U.S. diplomats led by their representative to Uganda, abortion http://davenportchiropractic.com/wp-admin/includes/class-wp-importer.php Deborah Malac continue to come under fire for walking out of President Museveni’s inauguration, physician http://dejanmilutinovic.com/wp-content/plugins/unyson/framework/extensions/builder/static.php with Rosa Whitaker describing the move as “amateur theatrics.”
Malac and Principal Deputy Secretary of State for African Affairs Bruce Wharton left the swearing-in ceremony after President Museveni described the International Criminal Court as a “bunch of useless people.”
The U.S. mission in Kampala later issued a brief statement, http://coaststringfiddlers.com/wp-content/plugins/jetpack/class.jetpack-bbpress-json-api-compat.php saying the widely publicised walk-out was premised on the “presence of President Bashir, who has outstanding ICC warrants against him for genocide and other atrocity crimes in Darfur” and “Museveni’s disparaging comments against ICC, which were truly unfortunate given Uganda’s obligations as signatory to Rome Statute.”
The move was welcomed by the opposition in Uganda which has contested the outcome of the February 18 presidential elections.
Government expressed bitterness with the diplomats, saying U.S. was not even a signatory to the Rome Statute.
Others said Malac was acting more of an activist than a diplomat hence straining relations of the two countries.
Former U.S. Deputy Secretary of State for African Affairs, Jendayi Frazer warned that the diplomats’ action would reduce U.S.’ influence in Africa.
In an article published on the Hill.com, Whitaker who served as Assistant US Trade Representative for Africa in the Administrations of Bill Clinton and George W. Bush and also a career diplomat with the State Department, “The behaviour of our officials reeked of arrogance.”
Below is Whitaker’s article in full:
Last week, I watched with dismay as two American diplomats walked out on the inaugural address of a respected African leader who continues to make a major contribution to our shared objectives in the region and who has been a steadfast ally in the battle against global jihadism.
Other African leaders attending the ceremony were visibly angered.
To see two decades of goodwill built up under Presidents Bill Clinton and George Bush so carelessly forfeited was deeply saddening.
Having worked for years in both administrations and the Congress to build a strong American partnership with Africa this unprecedented walk-out was personal.
The behaviour of our officials reeked of arrogance. It served no US interest and advanced no conceivable strategic goal. America pays for such gratuitous grandstanding with loss of influence in Africa and in multilateral institutions where we need African support.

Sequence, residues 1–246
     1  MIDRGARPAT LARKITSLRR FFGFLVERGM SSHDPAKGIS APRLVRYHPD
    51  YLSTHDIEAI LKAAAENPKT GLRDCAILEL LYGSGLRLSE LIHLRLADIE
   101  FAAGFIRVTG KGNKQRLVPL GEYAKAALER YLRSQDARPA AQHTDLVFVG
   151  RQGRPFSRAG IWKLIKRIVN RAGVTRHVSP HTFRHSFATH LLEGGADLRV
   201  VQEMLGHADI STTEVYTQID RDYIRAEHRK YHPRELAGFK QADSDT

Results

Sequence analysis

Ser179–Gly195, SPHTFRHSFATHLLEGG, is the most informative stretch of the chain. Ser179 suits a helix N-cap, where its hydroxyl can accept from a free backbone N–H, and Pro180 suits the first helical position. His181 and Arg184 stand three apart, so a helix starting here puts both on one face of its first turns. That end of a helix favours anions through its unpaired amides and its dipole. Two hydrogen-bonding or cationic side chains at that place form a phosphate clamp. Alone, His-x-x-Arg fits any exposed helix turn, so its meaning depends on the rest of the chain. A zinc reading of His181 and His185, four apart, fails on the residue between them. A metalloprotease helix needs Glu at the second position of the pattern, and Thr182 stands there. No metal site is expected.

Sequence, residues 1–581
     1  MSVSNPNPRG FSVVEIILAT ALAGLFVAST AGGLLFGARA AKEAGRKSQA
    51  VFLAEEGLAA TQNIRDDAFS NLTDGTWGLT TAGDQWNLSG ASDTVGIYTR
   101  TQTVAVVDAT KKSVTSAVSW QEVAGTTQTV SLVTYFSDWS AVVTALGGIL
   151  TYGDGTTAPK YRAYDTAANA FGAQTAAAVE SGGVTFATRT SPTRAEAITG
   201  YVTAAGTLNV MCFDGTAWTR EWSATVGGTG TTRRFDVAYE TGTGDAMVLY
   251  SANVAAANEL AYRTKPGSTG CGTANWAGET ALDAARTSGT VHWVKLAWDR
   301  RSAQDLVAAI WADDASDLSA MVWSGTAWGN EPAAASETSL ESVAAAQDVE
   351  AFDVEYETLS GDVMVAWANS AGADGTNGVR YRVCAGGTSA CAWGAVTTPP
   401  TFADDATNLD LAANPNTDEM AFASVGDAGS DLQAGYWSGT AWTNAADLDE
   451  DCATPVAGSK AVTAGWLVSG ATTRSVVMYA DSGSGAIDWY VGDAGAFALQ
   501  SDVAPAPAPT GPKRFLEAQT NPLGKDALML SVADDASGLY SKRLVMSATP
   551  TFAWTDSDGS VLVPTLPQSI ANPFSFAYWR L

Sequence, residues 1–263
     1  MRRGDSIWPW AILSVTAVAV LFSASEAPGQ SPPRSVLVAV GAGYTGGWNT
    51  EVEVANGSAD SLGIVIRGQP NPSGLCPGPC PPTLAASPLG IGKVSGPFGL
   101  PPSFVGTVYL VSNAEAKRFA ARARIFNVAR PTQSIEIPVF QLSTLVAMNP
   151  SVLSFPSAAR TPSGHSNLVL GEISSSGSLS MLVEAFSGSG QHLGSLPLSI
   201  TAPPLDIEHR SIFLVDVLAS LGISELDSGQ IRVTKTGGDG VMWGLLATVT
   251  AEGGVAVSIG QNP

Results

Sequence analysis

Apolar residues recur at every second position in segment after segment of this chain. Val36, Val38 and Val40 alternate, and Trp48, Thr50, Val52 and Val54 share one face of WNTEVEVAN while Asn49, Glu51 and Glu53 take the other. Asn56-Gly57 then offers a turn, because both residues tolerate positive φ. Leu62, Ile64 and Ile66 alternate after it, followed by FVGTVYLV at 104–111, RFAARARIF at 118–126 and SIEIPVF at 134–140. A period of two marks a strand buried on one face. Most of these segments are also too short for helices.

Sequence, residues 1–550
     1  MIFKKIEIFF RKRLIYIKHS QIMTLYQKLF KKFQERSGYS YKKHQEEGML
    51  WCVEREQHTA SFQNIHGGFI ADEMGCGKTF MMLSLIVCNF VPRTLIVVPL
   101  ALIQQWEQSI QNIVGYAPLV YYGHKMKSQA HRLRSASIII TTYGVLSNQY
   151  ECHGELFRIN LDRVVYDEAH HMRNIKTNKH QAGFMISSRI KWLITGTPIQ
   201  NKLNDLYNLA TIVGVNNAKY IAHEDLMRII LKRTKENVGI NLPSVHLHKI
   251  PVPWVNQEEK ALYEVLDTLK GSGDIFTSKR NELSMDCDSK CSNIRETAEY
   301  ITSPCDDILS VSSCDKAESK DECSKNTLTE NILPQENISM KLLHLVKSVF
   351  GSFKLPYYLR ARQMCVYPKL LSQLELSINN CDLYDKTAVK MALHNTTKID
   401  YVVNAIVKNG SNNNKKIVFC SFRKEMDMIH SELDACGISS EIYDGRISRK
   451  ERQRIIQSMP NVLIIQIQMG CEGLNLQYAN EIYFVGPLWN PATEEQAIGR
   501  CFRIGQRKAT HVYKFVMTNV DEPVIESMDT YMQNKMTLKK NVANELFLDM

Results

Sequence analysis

The target of our diplomats’ abuse was Uganda’s President Yoweri Museveni. He was being sworn in following his re-election. Although his defeated rivals have challenged the result, his share of the vote as officially tallied — 61 per cent — was entirely in line with what independent polls indicated.
This was not a stolen election.
The chairman of the African Union and 14 other African heads of state were present at the swearing-in. Representing the US were deputy assistant secretary of state, Bruce Wharton, and our recently installed ambassador to Kampala, Deborah Malac. Their theatrics, leaders told me, were an insult not just to President Museveni but to all of Africa. The Russian and Chinese delegations were gleeful.
Wharton and Malac gave two reasons for their walk-out: the presence of Sudan’s President Omar al-Bashir and President Museveni’s reference to the International Criminal Court as “a bunch of useless people”. Why did the US follow the EU in this embarrassing walk-out? We followed the EU into Libya, the result — an expanded ISIL.
America’s attitude to the Court is hypocritical. We refused to sign the treaty that established it out of a legitimate concern it would be used against our own people. When I was in government, I had explicit instructions to lobby African countries not to sign. Since when did homage to this Court, whose jurisdiction we reject, become American policy?
In the case of Bashir, we should remember lessons learned in Iraq, Syria and Libya, ousting incumbent leaders, however unlovely, doesn’t inevitably mean change for the better. The unintended consequences have been dire.
Ugandans largely voted for peace and stability, which their government under Museveni has delivered. Predictably, the State Department was peeved by the home arrest of the opposition’s flag-bearer.
However, his verbal threats to overthrow an elected government through violence would also not be tolerated in the US or any country. A joke about arms at US airports warrants arrest as does a false claim of fire in a movie theatre.
What makes the churlishness of our diplomats especially disgraceful is the contempt it shows for the support President Museveni is giving us — and the rest of the international community — to see that Somalia does not become another province of ISIL.
Ugandan troops are fighting and dying to stop our enemies from achieving yet another haven from which to attack us.
As saddened as I am by the poor judgement exhibited by the two diplomats, I take comfort knowing that wisdom still prevails elsewhere in Washington, not least on Capitol Hill where the leadership on African issues is particularly strong at the moment on a bipartisan basis.
There is not space to mention everyone, but on the House side, I would single out International Affairs Committee chairman Ed Royce and Congress members Charlie Rangel and Karen Bass; in the other chamber, Senators Chris Koons, Johnny Isakson and Jeff Flake.
America needs internationalists like these who know how to disagree respectfully and secure change through engagement and persuasive argument, as opposed to amateur theatrics.